In this regard, it is noted that an independent research by visiting the Internet sites linked to the disputed domain name has been performed by the Panel. The competence of the Panel to perform such independent research is in line with previous UDRP decisions, e.g., Hesco Bastion Limited v. The Trading Force Limited, WIPO Case No. D2002-1038.
The Panel finds that the disputed domain name is confusingly similar to the Complainant's trademarks.
First, the Panel finds that the Complainant has satisfied the threshold requirement of having trademark rights regarding the term “akbank”. As evidenced by the Complaint, the Complainant owns a large number of AKBANK trademarks in various jurisdictions worldwide, in particular in Turkey.
Although not identical, the disputed domain name <akbankmobile.com> fully incorporates the Complainant's AKBANK trademark. The disputed domain name differs from the Complainant's trademark only by the additional generic term “mobile”, likely standing for mobile phones and/or services provided via mobile phones. The Panel finds that the implementation of such generic terms does not negate the confusing similarity between the Complainant's trademarks and the disputed domain name.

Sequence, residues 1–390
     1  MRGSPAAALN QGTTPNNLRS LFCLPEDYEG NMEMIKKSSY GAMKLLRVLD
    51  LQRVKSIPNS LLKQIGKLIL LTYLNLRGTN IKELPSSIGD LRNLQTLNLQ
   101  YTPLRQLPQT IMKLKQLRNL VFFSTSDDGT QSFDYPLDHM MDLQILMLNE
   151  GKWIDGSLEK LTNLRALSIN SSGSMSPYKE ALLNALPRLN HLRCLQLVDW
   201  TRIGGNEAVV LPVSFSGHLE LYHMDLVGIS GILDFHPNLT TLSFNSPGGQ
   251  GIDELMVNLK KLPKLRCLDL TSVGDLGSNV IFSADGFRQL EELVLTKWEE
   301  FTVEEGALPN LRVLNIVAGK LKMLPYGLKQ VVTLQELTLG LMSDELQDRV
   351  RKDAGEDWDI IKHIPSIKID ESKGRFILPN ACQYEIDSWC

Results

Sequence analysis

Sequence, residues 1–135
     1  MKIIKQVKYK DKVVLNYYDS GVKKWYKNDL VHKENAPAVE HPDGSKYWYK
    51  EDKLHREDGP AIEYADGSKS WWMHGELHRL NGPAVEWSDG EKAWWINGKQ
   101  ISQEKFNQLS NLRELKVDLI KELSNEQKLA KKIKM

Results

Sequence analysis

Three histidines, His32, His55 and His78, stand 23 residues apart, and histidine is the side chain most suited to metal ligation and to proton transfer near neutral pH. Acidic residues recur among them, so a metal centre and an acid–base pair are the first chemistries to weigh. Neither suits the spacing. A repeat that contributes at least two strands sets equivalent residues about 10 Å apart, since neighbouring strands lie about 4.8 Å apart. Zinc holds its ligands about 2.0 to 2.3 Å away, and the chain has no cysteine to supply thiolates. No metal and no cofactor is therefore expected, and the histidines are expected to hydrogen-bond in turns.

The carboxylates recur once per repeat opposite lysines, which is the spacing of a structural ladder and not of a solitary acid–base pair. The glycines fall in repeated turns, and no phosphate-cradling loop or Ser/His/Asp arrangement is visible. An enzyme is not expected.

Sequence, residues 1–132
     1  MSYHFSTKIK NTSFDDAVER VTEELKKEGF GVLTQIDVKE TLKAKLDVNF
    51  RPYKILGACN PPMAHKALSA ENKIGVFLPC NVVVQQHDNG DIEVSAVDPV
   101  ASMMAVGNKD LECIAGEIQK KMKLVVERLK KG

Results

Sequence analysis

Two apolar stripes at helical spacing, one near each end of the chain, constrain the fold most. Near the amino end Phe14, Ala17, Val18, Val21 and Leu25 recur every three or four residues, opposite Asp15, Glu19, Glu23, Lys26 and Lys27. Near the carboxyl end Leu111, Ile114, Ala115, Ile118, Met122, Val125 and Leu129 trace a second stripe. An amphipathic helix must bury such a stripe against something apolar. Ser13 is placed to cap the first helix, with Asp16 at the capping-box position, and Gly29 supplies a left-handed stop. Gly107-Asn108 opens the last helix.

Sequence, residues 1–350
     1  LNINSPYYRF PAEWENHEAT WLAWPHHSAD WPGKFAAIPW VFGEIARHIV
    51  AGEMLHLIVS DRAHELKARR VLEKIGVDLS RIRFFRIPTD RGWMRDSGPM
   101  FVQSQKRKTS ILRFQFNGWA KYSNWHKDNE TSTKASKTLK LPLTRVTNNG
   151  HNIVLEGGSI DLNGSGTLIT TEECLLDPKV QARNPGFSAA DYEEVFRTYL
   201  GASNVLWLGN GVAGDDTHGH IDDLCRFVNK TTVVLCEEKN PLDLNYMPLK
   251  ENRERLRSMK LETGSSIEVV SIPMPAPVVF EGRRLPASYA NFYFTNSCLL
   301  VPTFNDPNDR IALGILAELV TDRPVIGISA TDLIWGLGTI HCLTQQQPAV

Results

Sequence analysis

In other words, the Panel concludes that the disputed domain name which wholly incorporates the Complainant's registered trademark AKBANK is sufficient to create confusing similarity for the purposes of the Policy (c.f., Aktiebolaget v. Serbay Narin, WIPO Case No. D2009-1444; Kabushiki Kaisha Hitachi Seisakusho (d/b/a Hitachi Ltd.) v. Arthur Wangle, WIPO Case No. D2005-1105).
Hence, the Panel finds that the disputed domain name is confusingly similar to the Complainant's trademark AKBANK and therefore concludes that the first requirement under paragraph 4(a) of the Policy is fulfilled.